[1] By order dated July 19, 2011, the current Governor and current President of the Senate were substituted as parties for the former Governor and former President of the Senate.

[2] Other subsections of subsection (B) included provisions regarding Charleston County charter school's application for grants, charter school teacher's nominations for Teacher of the Year, and charter school student's qualifications for Laura Brown Fund Grant.  These subsections are not pertinent to this appeal.  

[3]  Initially, School District's complaint only listed Harrell, Bauer, and Sanford as defendants.  These Respondents filed a motion to dismiss in lieu of an answer.  After a hearing on this motion, the circuit court ordered that School District add the State as a defendant.  School District filed an amended complaint a few weeks later, adding the State as a party as well as a claim that Act 189 is inconsistent with the 2006 amendments to the Charter Schools Act.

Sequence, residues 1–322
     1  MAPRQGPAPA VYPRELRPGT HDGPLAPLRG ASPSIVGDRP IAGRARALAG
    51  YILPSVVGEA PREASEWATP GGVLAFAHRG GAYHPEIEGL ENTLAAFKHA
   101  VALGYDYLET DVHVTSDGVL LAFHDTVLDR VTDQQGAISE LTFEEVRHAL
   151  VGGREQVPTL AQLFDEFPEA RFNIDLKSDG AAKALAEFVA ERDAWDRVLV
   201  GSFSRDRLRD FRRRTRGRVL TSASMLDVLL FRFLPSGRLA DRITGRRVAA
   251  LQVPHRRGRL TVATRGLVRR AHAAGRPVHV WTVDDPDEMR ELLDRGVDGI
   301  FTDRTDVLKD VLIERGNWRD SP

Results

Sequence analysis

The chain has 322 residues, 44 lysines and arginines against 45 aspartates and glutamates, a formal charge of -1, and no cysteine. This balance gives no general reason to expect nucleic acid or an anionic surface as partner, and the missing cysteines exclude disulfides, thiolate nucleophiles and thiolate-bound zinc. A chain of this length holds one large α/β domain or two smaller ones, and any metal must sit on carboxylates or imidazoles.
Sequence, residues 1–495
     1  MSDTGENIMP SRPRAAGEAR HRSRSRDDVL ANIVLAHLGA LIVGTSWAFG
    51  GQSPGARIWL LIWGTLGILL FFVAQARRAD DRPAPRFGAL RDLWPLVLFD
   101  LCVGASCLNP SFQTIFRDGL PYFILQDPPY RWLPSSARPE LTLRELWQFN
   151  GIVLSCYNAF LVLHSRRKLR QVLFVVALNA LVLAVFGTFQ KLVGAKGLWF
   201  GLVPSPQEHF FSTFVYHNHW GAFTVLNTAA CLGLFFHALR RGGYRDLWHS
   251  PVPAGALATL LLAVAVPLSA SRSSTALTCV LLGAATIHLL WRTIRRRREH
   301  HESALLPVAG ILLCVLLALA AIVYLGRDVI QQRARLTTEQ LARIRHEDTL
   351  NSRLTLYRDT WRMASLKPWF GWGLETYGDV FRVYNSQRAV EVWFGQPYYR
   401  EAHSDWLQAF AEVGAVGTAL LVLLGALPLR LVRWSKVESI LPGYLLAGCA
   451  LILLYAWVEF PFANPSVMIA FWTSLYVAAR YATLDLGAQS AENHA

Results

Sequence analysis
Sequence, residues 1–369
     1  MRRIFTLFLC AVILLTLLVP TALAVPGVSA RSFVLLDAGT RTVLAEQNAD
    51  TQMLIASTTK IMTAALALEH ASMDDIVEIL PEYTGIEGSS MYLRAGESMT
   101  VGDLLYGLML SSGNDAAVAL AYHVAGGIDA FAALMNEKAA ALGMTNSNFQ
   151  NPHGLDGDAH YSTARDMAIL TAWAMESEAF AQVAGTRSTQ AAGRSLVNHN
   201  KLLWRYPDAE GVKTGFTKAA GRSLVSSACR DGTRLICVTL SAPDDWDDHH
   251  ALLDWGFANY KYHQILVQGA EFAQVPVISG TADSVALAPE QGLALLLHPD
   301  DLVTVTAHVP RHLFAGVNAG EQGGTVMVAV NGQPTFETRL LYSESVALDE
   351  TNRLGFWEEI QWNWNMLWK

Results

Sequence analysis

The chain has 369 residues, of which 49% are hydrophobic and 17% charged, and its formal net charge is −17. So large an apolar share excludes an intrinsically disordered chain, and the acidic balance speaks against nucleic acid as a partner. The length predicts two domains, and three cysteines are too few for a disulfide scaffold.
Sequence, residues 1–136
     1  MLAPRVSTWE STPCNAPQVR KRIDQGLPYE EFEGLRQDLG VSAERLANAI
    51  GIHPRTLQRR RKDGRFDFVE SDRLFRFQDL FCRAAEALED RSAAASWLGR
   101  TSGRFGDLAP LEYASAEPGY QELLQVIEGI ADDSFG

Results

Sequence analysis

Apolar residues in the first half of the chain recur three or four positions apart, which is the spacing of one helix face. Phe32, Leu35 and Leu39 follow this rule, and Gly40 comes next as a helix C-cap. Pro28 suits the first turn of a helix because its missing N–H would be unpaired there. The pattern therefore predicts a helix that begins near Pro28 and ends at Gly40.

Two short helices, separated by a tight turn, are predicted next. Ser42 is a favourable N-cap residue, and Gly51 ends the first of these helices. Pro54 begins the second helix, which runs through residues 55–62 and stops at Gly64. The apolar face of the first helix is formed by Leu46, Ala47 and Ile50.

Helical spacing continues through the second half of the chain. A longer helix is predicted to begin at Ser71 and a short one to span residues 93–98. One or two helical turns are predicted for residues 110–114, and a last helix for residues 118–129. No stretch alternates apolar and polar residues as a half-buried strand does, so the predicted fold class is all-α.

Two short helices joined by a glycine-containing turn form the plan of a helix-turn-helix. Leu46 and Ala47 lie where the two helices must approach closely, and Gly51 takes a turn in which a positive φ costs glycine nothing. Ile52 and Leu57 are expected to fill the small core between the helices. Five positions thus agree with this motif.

[4] We recognize that a motion to dismiss may be converted into a motion for summary judgment when the court considers matters outside the pleadings. Rule 12(b), SCRCP.  However, in order for the conversion to take place, the parties must be "afforded a reasonable opportunity to introduce evidentiary matters" of their own. Johnson v. Dailey, 318 S.C. 318, 321, 457 S.E.2d 613, 615 (1995).  Because School District was not afforded the opportunity to introduce evidence in response to that injected into the matter by the court, we decline to find that this Rule 12(b)(6) motion was converted into a motion for summary judgment.